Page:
Review: Muppets: The Green Album - Various Artists

MuppetsTheGreenAlbum.jpgCaring whether your kids have "good" (read: "your") taste in music, books, and movies is a foolish thing to do, so it means something that the day that my daughter said she really didn't like The Muppet Movie was one of the very few times when I actually, well, cared. It's a great movie, a little cheesy at points maybe, but funny and tender, one of the great movie musicals of the past half-century. (Seriously -- there are very few post-1960s musical on the AFI list of the Greatest Movie Musicals, and even fewer created specifically for the screen.)

Why do I relate the story? Well, more so than most albums reviewed here, it's my opinion, not that of kids, which matters here, because Muppets: The Green Album isn't really a kids music album. The album is a collection of 12 Muppet-related songs, drawn mostly heavily from The Muppet Movie or from songs heard on The Muppet Show. Much like Disney's collections of covers from their own stable of American tunes, Disneymania, Disney's approach here is to get popular (critically or otherwise) artists to tackle the Jim Henson-related songs. The fact that some of these artists weren't yet born when The Muppet Show went off network television doesn't seem to have hurt their recruiting efforts. (The fact that the rest of 'em were kids when the show was still on probably helped tremendously.)

And as is the case with any such collection, Disney or otherwise, this album succeeds or fails based on how good the songs are and whether the artists bring anything new to them (or, if they ruin their charm). As to the former issue, I think I've made clear my admiration for the Paul Williams-Kenny Ascher-penned songs for The Muppet Movie, but in addition to those classics, you also have songs like the Joe Raposo-penned Sesame Street song "Bein' Green."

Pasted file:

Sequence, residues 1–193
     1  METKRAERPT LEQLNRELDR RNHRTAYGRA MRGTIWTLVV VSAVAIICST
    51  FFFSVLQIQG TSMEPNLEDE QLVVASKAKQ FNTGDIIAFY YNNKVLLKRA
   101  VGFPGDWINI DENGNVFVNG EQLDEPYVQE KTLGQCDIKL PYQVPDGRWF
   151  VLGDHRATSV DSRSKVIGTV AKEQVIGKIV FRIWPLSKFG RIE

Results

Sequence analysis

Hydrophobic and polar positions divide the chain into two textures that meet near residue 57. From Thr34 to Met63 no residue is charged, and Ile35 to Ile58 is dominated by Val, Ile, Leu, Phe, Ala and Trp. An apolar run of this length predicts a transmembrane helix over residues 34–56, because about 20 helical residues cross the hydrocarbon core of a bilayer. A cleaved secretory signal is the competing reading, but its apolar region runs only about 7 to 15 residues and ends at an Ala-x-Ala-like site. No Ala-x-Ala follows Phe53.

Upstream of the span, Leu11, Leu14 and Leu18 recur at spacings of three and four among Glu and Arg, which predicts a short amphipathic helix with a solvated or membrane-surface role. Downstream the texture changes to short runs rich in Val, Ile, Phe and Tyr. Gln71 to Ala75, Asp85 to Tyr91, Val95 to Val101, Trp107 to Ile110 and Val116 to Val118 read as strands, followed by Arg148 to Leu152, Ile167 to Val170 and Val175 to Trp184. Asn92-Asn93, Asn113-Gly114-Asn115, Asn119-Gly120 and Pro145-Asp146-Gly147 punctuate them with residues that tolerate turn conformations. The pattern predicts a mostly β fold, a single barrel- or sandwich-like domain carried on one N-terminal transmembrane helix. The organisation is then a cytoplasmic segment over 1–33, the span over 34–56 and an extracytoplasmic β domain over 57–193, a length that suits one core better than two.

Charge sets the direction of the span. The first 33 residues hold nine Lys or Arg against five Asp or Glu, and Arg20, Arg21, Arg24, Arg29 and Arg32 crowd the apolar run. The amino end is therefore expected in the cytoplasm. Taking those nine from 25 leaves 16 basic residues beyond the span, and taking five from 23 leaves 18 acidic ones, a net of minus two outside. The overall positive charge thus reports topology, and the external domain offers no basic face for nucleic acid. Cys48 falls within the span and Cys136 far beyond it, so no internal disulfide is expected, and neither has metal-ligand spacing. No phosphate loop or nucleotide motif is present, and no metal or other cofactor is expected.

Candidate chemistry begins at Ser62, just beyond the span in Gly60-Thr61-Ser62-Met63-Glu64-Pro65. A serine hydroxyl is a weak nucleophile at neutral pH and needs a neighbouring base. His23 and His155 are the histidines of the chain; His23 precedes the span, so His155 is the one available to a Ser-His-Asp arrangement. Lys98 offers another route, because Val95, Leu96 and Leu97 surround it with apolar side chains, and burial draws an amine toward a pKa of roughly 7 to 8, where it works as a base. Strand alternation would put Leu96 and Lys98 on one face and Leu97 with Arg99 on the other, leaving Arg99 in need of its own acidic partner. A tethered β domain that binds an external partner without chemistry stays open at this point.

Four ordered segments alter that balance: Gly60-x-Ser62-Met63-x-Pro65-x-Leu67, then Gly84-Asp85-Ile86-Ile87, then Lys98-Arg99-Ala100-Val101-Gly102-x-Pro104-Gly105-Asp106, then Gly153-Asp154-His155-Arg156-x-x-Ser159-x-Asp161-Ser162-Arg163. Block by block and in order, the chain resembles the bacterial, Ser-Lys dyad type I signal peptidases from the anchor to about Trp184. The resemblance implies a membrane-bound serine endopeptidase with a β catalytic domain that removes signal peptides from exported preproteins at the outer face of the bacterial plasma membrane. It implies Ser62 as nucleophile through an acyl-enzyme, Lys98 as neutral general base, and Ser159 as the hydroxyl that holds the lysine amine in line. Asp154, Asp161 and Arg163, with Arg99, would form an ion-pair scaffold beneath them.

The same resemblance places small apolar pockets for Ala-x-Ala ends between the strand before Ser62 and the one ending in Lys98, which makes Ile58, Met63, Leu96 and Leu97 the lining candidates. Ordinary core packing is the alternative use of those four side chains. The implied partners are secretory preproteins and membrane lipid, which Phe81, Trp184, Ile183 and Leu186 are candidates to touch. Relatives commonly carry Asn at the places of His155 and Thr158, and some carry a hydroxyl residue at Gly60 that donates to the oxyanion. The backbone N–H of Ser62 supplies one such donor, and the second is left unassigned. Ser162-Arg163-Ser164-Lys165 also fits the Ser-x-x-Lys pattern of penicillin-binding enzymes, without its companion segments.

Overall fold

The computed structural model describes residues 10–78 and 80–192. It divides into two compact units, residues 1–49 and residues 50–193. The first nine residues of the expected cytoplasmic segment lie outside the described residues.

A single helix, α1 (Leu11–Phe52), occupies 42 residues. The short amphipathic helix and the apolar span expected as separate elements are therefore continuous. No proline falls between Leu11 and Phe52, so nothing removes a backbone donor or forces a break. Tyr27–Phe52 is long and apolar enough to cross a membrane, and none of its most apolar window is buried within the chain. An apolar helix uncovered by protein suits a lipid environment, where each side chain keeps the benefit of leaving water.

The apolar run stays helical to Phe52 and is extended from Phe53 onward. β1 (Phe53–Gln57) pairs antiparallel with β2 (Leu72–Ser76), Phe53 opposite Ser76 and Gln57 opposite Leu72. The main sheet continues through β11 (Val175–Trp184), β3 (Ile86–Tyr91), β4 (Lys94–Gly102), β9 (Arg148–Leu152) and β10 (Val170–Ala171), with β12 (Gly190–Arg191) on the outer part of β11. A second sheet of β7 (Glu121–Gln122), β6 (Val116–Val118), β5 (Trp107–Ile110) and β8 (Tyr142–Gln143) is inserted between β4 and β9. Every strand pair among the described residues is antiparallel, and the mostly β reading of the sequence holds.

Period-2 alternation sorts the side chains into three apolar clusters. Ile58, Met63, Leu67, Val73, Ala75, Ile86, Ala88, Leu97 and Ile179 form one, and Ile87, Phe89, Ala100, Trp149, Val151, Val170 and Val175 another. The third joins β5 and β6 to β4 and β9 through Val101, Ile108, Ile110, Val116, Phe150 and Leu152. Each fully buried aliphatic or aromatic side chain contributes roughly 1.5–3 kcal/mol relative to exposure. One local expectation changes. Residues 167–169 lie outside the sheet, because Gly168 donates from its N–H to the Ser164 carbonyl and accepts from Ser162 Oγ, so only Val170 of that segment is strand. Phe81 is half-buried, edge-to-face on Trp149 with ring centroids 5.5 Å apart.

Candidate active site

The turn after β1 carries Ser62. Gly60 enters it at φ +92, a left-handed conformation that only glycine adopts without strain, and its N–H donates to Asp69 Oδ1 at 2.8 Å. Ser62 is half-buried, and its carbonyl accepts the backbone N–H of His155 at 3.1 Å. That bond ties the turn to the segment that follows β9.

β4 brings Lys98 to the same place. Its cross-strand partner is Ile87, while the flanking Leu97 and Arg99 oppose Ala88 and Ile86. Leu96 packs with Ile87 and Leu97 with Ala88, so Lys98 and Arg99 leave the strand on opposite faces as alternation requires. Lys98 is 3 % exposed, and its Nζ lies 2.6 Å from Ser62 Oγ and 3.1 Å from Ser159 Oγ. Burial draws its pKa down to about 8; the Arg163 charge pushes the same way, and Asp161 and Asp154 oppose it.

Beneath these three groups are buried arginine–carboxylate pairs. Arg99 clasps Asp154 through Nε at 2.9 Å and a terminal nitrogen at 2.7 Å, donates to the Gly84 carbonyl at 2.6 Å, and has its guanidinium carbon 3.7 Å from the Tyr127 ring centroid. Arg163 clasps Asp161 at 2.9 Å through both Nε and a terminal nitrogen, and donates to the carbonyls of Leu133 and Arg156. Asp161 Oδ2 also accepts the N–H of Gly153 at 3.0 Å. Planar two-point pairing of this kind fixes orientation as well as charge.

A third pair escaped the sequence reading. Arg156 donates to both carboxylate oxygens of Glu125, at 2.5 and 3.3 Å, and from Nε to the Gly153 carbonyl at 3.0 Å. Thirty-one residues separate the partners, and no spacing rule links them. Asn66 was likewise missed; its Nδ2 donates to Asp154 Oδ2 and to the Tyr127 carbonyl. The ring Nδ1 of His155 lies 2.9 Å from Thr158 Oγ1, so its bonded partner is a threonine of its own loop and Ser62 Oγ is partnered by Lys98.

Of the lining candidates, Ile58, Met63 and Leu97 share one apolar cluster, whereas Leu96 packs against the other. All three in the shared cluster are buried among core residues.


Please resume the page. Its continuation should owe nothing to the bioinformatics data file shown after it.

What do the artists do with them? Well, some combinations work really, really well -- punk group the Alkaline Trio give "Movin' Right Along" a fun kick in the pants it didn't know it needed, and Sondre Lerche resurrect "Mr. Bassman," a song from a Muppet Show episode. I liked The Fray's take on "Mahna Mahna" more than I expected to, though it's probably the most faithful cover here. OK Go put their own spin on the theme song, and even though I could do without the tacked-on guitar solo, they do manage to keep the listeners' attention during what is, well, a theme song. And Andrew Bird's take on "Bein' Green" nails Kermit's wistfulness without making his cover a carbon copy.

But following Kermit is a tough act, and while many attempt to cover "Rainbow Connection," very few succeed, and I can't say that Weezer and Hayley Williams from Paramore do, either. As for "Night Life" from The Great Muppet Caper, covered here by Brandon Saller of Atreyu and Billy Martin, I'll just quote my wife after hearing it for the first time: "I never need to hear that ever again."

So, is this a kids' album? Not really. I'll put the age range for the album at ages 8 and up, not because any of it is inappropriate for younger kids, but because unless they've seen lots of Muppets on TV/DVD, they won't have the context for the music. (Older kids can enjoy the music on their own terms, or perhaps even recognize a few of the bands.) For a little while longer, you can stream the album here.

In the end, Muppets: The Green Album has a number of very good recordings from an underrated American songbook. Is it a great kids' album? No. Is it a lot of fun for those of us of a certain age who are still able to tap the kid inside? For the most part, yeah. For those Muppet fans, it's recommended.

Disclosure: I received a copy of this album for possible review.